Pandas is such a vast monster, that even after going through the book from the original author of Pandas (https://www.safaribooksonline.com/library/view/python-for-da...), I was absolutely unprepared for doing real analysis.
Whilst I understood the basics, such as data loading, (simple) cleaning, selections, functions, groupby', indexes etc., I spent most of my time on stackoverflow looking for solution to actual problems I was facing. I reckon that many other users have made the same experience - there is lot's of general info out there when it comes to pandas, but every data is different and the devil lies in the details.
Long Story Short: learning pandas is all about trial-and-error and will take months (years even), to be efficient in.
Lots of data munging has been enabled or sped up by judicious application those concepts.
It's good to warn people, but let's not scare them.
In contrast, while I'm not an expert in JS or Python, I find that time spent struggling with those technologies pays dividends since the lessons learned make everything I do in the future easier.
This is highly subjective of course, but in your opinion, should I keep fighting with Pandas? Is it worth it?
Did you mean linear regression?
Linear optimization isn't a use case that Pandas covers, but there are other tools that I can recommend.
I think this comes up particularly in the context of pandas, because it's a common entry point into a programming language for people who don't think of themselves as programmers and may resist the notion that this is actually what they're doing.
Tidyverse was super easy to pick up, and I can do almost anything I want with. Why would I want to switch to Panda?
Has anyone tired the python tydiverse port? How does it compare to the original?
The Pandas's API is a generalized solution to complicated, variegated use cases and its syntax reflects that (it was also hemmed by strictures of Python). There are several indexing methods, several ways to slice, several ways to do apply's, all of which behave slightly differently. Even expert Pandas users have trouble remembering the syntax for all of these, so they typically have a Pandas API browser window open or a printed cheat sheet pasted on some corkboard. Pandas definitely takes longer to get used to than Tidyverse but the payoff is that you get to use Python, which is a somewhat "deeper" language than R.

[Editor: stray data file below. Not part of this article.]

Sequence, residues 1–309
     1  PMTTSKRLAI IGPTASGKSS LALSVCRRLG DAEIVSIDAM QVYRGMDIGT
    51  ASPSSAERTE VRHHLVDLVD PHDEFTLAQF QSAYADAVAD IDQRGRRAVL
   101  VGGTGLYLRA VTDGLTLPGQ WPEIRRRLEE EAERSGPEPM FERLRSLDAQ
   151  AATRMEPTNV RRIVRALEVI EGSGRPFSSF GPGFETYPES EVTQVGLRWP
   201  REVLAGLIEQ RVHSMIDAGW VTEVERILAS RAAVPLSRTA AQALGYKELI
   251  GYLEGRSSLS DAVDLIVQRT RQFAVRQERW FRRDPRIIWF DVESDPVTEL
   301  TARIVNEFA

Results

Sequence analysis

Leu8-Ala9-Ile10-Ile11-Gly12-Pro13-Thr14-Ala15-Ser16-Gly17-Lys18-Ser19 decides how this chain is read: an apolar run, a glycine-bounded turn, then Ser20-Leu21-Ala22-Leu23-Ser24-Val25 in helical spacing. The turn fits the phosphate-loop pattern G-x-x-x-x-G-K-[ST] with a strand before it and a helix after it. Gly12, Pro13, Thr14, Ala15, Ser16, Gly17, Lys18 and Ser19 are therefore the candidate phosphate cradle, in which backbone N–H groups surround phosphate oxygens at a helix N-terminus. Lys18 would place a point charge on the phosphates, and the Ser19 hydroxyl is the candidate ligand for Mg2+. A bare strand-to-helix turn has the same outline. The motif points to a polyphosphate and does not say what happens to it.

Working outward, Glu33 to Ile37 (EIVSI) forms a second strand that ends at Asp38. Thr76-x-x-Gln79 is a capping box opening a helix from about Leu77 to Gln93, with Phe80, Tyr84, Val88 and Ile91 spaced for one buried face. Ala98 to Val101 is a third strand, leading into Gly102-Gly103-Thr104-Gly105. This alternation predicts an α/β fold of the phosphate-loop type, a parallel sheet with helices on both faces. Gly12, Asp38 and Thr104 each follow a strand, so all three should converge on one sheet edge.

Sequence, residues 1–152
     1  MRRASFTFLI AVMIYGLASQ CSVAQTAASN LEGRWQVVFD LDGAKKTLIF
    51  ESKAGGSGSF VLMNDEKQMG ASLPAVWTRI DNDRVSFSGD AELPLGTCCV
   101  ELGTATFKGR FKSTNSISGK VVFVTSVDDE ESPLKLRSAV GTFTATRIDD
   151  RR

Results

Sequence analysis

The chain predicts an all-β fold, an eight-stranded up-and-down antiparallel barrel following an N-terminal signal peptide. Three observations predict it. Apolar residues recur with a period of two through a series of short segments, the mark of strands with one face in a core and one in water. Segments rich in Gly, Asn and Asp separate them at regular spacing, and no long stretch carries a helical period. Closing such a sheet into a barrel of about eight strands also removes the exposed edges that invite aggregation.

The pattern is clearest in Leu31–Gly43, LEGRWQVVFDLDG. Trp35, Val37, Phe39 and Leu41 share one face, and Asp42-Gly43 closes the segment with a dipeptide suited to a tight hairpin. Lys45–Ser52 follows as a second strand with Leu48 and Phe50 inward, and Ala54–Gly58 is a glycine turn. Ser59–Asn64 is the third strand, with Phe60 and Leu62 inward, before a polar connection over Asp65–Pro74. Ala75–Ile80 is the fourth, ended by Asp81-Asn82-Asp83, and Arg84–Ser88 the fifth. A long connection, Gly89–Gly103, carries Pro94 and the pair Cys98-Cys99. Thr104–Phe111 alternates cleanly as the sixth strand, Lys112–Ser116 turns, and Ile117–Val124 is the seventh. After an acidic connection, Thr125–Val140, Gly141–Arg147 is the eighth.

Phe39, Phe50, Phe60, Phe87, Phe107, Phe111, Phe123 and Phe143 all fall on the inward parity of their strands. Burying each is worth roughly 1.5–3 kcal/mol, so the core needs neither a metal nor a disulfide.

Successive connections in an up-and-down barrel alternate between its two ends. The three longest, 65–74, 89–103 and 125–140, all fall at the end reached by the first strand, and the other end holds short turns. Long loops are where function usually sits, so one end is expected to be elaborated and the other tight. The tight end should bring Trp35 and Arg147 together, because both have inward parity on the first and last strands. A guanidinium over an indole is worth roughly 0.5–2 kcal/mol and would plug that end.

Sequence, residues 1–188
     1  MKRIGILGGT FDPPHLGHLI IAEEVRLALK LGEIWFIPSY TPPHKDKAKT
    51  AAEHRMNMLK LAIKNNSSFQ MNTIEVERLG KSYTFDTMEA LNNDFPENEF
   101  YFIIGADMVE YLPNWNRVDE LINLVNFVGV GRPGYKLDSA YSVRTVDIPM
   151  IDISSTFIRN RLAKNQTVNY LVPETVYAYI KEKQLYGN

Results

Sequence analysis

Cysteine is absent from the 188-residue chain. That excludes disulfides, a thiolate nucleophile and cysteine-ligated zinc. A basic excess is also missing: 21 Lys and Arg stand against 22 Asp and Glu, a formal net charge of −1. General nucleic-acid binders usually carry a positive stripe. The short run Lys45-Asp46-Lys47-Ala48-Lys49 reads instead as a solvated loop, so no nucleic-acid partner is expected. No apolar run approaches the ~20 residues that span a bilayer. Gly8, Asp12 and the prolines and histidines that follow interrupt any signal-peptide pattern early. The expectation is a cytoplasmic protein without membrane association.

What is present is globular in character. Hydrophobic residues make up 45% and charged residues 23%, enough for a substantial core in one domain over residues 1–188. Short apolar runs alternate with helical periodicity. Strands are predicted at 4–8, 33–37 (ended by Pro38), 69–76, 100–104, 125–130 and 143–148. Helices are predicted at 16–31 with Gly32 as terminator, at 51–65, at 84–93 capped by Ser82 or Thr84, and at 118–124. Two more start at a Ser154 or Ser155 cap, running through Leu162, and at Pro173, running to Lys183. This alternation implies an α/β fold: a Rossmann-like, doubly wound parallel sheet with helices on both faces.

R is great for interactive work, and for data munging jobs that don't interact too much with non-R libraries. However Python is sinply more versatile end-to-end.
I used to start my interactive analysis in R and port to Python for production, but these days I start in Python straight away so there's no impedance mismatch. I've personally found that writing production code in Python (and by extension Pandas) to be much more pleasant than in R, even with Tidyverse.
If you already have a good grasp of Python, sure why not learn Pandas too? In my case, I’m reasonably ambidextrous in Python and R but find myself not reaching for Python unless there are colleague / deployment considerations that remove R as an option. The reason? R’s Tidyverse is pretty awesome, and reflects one of the better parts of the R language, namely the meta programming that is a holdover from Scheme’s influence on R.
Now, if you don’t already know Python and don’t have some other reason (such as specific deployment considerations or a team of Python collaborators) to learn? I don’t think so. Python is a fine language, just as R is a fine language. You’re already getting things done in R.
If you want a mental challenge, or to get in on the ground floor of something that might be the future, learn Julia, or F#, or (my favorite) Racket. Or heck, learn Spark, or a new modeling method.
Is it? How so?
Are you going to write more? Can you (or anybody) recommend where (a book, a YouTube channel, a website or whatever) do I continue from the point where you intro ends? As for now all I use of Pandas is a datetime-indexed array of real numbers + simple vector operations on its columns but I feel like I would like to take a learning/career path to becoming a Pandas expert.
> Short hands-on challenges to perfect your data manipulation skills
> Things in Pandas I Wish I'd Known Earlier
We use a similar approach to the OP. Lots of diagrams and visual aids and you always work with a real dataset.
Thanks for the kind words!
I really enjoyed your style of writing and use of visual examples. I wish for such an explainer for SQL. If you made that as a book, you can tun with my money.
We've had a pandas course (https://www.dataquest.io/course/pandas-fundamentals) for a while and we just launched some R courses that teach a lot of vectorization (https://www.dataquest.io/path/data-analyst-r).
Haven't really used python for anything and I'm just wondering, since it looks like an array or map, but clearly seems to have some logic behind it as it seems to reference the specified column at each row. What is this functionality, something that's built in to python or use of some sort of magic functions?
> We can select one or multiple rows using their numbers (inclusive of both bounding row numbers):
That will slice beginning from the row with integer location 1 up to 3, exclusive of the last element. So, just two rows, not three as shown.
Edit: Corrected in the post. Thanks again!
Is this useful for the analysis of such data (with a machine learning mid term goal (clustering and anomaly detection)?